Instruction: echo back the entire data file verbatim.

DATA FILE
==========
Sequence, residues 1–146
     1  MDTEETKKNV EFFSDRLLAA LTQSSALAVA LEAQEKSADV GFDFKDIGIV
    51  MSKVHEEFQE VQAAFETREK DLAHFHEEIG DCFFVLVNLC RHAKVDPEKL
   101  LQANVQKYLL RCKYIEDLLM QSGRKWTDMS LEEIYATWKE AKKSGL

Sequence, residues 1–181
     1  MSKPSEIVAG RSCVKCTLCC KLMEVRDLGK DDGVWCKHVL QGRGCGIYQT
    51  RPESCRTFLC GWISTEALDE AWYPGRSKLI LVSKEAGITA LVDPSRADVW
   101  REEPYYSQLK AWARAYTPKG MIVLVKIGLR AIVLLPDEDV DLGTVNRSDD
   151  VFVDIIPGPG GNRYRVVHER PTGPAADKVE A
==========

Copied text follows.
Sequence, residues 1–146
     1  MDTEETKKNV EFFSDRLLAA LTQSSALAVA LEAQEKSADV GFDFKDIGIV
    51  MSKVHEEFQE VQAAFETREK DLAHFHEEIG DCFFVLVNLC RHAKVDPEKL
   101  LQANVQKYLL RCKYIEDLLM QSGRKWTDMS LEEIYATWKE AKKSGL

Sequence, residues 1–181
     1  MSKPSEIVAG RSCVKCTLCC KLMEVRDLGK DDGVWCKHVL QGRGCGIYQT
    51  RPESCRTFLC GWISTEALDE AWYPGRSKLI LVSKEAGITA LVDPSRADVW
   101  REEPYYSQLK AWARAYTPKG MIVLVKIGLR AIVLLPDEDV DLGTVNRSDD
   151  VFVDIIPGPG GNRYRVVHER PTGPAADKVE A